Note: “The dangers which had threatened the nation with utter destruction proved, through the providence of God, to be the very means by which it rose to unprecedented greatness.” Patriarchs and Prophets, 715.

“The kingdom of Israel had now reached in extent the fulfillment of the promise given to Abraham, and afterward repeated to Moses: ‘Unto thy seed have I given this land, from the river of Egypt unto the great river, the river Euphrates’ (Genesis 15:18). Israel had become a mighty nation, respected and feared by surrounding peoples. In his own realm David’s power had become very great. He commanded, as few sovereigns in any age have been able to command, the affections and allegiance of his people. He had honored God, and God was now honoring him.” Ibid., 716.



  • What did David realize in considering his remarkable deliverances? Psalms 18:20–22, 35, 46–50; 33:16, 17; 44:4–7.
  • What opportunities were afforded Israel during this period, and why? Psalm 85:9–13; Proverbs 14:34.

Note: “In the reign of David and Solomon, Israel became strong among the nations and had many opportunities to wield a mighty influence in behalf of truth and the right. The name of Jehovah was exalted and held in honor, and the purpose for which the Israelites had been established in the Land of Promise bade fair of meeting with fulfillment. Barriers were broken down, and seekers after truth from the lands of the heathen were not turned away unsatisfied. Conversions took place, and the church of God on earth was enlarged and prospered.” Prophets and Kings, 25.



  • How had a seemingly small sin crept into David’s experience, thus paving the way for worse temptations? Song of Solomon 2:15.

Note: “He [David] often conquered, and triumphed. He increased in wealth and greatness. But his prosperity had an influence to lead him from God. His temptations were many and strong. He finally fell into the common practice of other kings around him, of having a plurality of wives, and his life was imbittered by the evil results of polygamy. His first wrong was in taking more than one wife, thus departing from God’s wise arrangement. This departure from right, prepared the way for greater errors. The kingly idolatrous nations considered it an addition to their honor and dignity to have many wives, and David regarded it an honor to his throne to possess several wives. But he was made to see the wretched evil of such a course by the unhappy discord, rivalry and jealousy among his numerous wives and children.” Spiritual Gifts, vol. 4a, 86.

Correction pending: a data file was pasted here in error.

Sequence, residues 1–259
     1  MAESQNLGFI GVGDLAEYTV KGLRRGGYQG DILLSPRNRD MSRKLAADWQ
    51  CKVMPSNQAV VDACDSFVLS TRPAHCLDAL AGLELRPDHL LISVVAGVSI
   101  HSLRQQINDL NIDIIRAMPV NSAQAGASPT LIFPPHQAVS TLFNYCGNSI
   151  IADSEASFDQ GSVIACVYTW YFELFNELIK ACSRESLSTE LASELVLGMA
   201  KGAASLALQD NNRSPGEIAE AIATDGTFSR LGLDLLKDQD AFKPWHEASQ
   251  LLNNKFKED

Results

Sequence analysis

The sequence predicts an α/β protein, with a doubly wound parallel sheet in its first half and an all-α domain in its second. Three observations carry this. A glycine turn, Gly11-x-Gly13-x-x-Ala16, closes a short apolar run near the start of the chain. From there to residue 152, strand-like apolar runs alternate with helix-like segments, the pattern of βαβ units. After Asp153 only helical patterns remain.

• What unseen foe was stalking David, just as with each one of us? Ephesians 6:12. What is our only defense? Ephesians 6:13; James 4:7, 8; 1 Peter 5:8, 9; 4:7.

Note: “In the midst of prosperity lurked danger. In the time of his greatest outward triumph David was in the greatest peril.” Patriarchs and Prophets, 716.

“In every soul two powers are struggling earnestly for the victory. Unbelief marshals its forces, led by Satan, to cut us off from the Source of our strength. Faith marshals its forces, led by Christ, the author and finisher of our faith. Hour by hour, in the sight of the heavenly universe, the conflict goes forward. This is a hand-to-hand fight, and the great question is, Which shall obtain the mastery? This question each must decide for himself. In this warfare all must take a part, fighting on one side or the other. From the conflict there is no release. … We are urged to prepare for this conflict.’’ Sons and Daughters of God, 328.

“The work of every soul is to resist the enemy in the power and might of the Lord Jesus Christ, and the promise is that the devil shall flee from us. But let all realize that they are in peril, and there is no assurance of safety except as they comply with the conditions of the text. The Lord says, ‘Draw nigh to God’ (James 4:8). How?—By secret, earnest examination of your own heart; by childlike, heart-felt, humble dependence upon God, making known your weakness to Jesus; and by confessing your sins. Thus you may draw nigh to God, and He will draw nigh to you.” Ibid., 346.



1     What can we learn from David’s kindness toward Mephibosheth?

2    Why do the heathen often misinterpret a kind act?

3    Explain the reason for Israel’s victory over the formidable alliance which rose up against them.

4    What should we learn from the prosperity of Israel under David?

5    Explain how to have consistent victory in the great controversy.